The GPX range of neck braces from Leatt are arguably the best form of neck protection on the market today, but there still seems to be a lack of understanding attached to the subject of wearing neck protection. We take a look at the latest offerings from Leatt and get the thoughts about braces from some top names in international MX.

Leatt was the very first company to manufacture neck braces. Surgeon Dr Chris Leatt is the founder of the Leatt company and famously produced prototypes of his first brace after the tragic accident to a friend, Alan Selby, while riding off-road in his native South Africa. The Leatt brace first became part of the off-road scene in 2006 and now has seven different versions of the protection that has progressed hugely in the last thirteen years. Leatt’s research and development from their lab near Cape Town has led onto a raft of other protection equipment including knee braces, helmets and body protection.

Their top-level neck braces – the GPX 6.5 Carbon, the GPX 5.5, and the GPX 3.5 – have all been developed to reduce the risk of significant neck injury in the event of a hard crash on the dirt. Coming in at different price points, they each offer specialised protection when worn correctly against extreme neck extension.

Each of the Leatt GPX range has been developed in their state-of-the-art lab in Cape Town, with “Martin”, Leatt’s 50th percentile Hybrid III Anthropomorphic Test Dummy featuring 23 in-built sensors to ensure reliable data when testing the new products. They then go on to be independently CE tested and are certified as Personal Protective Equipment, offering up to 47% reduction of risk for a serious neck injury.

The construction differs between models, but the way they work doesn’t. The GPX range of neck braces are designed to prevent the rider’s helmet from over-extending the neck by placing a barrier on top of the shoulders, to limit how far forward, backward, and sideways the helmet can move under duress.

Shaun Simpson

Fitment

The most important aspect when choosing a neck brace is getting the right size. Leatt suggest measuring around your chest area, just below your armpits, then using their website to choose the size neck brace that will fit you best. Leatt claim their neck braces feature the most adjustability of any on the market, with the GPX 6.5 Carbon and GPX 5.5 featuring SureFit adjusters on the front chest pad rear thoracic strut. They also feature replaceable rubber angle adjusters for the rear thoracic strut, ensuring you get a perfect fit for your body size. The third-in-line GPX 3.5 offers two adjustment levels for the rear thoracic strut, but it is designed to break away in the event of excess force, the same as the GPX 6.5 Carbon and GPX 5.5 neck braces.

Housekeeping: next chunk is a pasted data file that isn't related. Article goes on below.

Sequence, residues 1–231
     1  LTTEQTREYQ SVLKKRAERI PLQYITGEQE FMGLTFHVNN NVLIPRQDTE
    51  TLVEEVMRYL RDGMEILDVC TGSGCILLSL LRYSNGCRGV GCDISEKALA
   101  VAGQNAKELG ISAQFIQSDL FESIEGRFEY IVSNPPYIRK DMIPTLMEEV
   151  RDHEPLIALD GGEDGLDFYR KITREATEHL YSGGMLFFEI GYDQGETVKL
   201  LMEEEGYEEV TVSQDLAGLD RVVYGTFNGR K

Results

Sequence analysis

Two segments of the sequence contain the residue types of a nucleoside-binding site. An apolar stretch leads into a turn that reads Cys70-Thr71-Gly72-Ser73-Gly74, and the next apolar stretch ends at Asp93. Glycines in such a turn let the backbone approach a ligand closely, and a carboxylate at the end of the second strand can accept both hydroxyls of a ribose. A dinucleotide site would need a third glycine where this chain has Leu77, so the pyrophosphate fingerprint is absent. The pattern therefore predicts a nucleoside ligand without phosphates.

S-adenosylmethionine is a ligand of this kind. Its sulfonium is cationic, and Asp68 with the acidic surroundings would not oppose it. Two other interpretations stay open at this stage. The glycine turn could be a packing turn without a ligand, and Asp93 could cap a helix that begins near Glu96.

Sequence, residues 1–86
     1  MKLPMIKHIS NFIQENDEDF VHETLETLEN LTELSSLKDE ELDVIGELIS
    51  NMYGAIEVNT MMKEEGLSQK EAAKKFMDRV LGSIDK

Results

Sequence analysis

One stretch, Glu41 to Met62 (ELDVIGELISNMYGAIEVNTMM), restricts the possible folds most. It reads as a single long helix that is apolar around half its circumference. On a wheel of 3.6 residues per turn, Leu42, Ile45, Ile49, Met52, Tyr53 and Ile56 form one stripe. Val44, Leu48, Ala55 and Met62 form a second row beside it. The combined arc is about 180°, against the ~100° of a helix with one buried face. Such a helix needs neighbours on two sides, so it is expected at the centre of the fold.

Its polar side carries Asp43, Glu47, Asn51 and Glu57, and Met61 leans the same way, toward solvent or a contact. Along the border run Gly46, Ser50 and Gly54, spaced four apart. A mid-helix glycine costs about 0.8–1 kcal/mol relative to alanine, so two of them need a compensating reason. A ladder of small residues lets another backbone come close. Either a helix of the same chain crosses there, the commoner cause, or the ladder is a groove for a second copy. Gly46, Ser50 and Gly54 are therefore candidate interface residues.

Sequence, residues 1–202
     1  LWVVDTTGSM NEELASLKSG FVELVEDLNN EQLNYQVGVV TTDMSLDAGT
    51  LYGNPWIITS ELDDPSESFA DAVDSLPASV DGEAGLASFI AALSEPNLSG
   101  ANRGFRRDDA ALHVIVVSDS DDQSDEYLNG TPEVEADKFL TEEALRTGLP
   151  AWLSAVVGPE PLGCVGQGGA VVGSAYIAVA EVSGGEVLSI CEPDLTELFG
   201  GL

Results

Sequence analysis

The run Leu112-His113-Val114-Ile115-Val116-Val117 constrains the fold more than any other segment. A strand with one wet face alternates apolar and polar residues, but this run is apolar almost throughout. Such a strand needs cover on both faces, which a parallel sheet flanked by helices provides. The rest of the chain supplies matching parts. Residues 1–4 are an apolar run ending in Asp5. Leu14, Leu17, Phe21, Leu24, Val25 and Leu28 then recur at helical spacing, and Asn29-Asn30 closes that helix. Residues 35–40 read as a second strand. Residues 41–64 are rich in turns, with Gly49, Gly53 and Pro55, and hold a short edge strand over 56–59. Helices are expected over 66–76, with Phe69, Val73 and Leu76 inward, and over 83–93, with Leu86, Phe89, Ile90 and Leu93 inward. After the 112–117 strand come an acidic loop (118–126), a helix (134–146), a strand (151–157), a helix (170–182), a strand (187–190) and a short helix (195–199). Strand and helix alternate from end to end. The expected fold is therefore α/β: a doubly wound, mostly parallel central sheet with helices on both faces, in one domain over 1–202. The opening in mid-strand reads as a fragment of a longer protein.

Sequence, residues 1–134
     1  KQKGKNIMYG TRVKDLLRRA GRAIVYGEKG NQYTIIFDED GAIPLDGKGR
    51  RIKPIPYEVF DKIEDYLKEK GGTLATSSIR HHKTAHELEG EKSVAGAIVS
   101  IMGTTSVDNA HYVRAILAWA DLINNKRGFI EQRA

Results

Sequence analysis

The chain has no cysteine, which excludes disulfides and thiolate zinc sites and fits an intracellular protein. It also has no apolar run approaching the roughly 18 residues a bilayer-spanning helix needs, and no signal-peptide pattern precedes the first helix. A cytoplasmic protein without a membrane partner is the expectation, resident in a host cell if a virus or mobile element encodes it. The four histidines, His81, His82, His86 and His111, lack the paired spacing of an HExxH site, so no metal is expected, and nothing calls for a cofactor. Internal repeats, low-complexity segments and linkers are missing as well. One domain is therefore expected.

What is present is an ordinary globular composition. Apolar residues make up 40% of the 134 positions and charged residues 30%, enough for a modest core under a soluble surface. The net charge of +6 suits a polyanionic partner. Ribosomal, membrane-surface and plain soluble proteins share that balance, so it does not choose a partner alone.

Construction

The top-of-the-line GPX 6.5 Carbon is constructed of a rigid, non-flexible carbon matrix, weighing in at only 600 grams. Its light weight offers the least amount of possible intrusion while riding, meaning riders will be comfortable with wearing it quickly and easily.

The GPX 5.5 features a fibreglass shell with a polyamide reinforced chassis, weighing in at 790 grams, meaning it’s still very lightweight and easy to wear. Finally, the GPX 3.5 is made from a polycarbonate shell with a polyamide reinforced EPS chassis, and weighs as little as 536 grams. It doesn’t have as much adjustability as the GPX 6.5 Carbon or GPX 5.5, but still offers excellent protection from neck injuries when worn correctly.

All GPX neck braces come with optional clear chest straps to hold the brace in place but will work with Leatt’s own roost and chest protection, easily and quickly tying together to simplify wearing them together. Additionally, the GPX thoracic struts fold away for easy storage in your kit bag.

Marvin Musquin

Removeable Design

Leatt’s GPX neck braces all feature simple clips to remove them from the rider in case of emergency, without having to remove the helmet first. The GPX 6.5 Carbon and GPX 5.5 both feature a clip on the right side, and a large quick-turn toggle on the left to completely disengage the neck brace from its wearer. The GPX 3.5 can be removed by pushing the red toggle inwards, which unclasps the brace and allows the left and right side to swivel on a hinge away from the rider’s neck. The two adjustment toggles on the GPX 3.5’s thoracic strut are also removable, meaning the strut can be removed from the brace to allow easier removal.

Alfredo Gomez

Extra Safety Features

All of the GPX range of neck braces feature CoreFlex split rear removable thoracic struts, with a spinal partition for added comfort, designed to work with the body’s natural movements. The engineered collarbone cut-out helps keep the rider’s brace and helmet away from their most fragile bones, reducing the chances of a broken collar bone in a crash from helmet impact. Each model is also designed with air-flow ribbed body padding for optimum ventilation. The construction and highly adjustable fit of the GPX neck braces ensures that riders have a full range of motion when wearing their neck brace correctly and in a normal riding position, with no impairment or restriction to the rider’s head or upper body movement.

Looking for a Leatt neck brace or any of their other protective equipment or riding apparel? Then either head to your local Leatt dealer or visit www.bits4bikes.co.nz where you’ll find the complete range. And if you’re worried about getting the correct fit, head to www.leatt.com where you’ll find sizing charts.

Chris Laue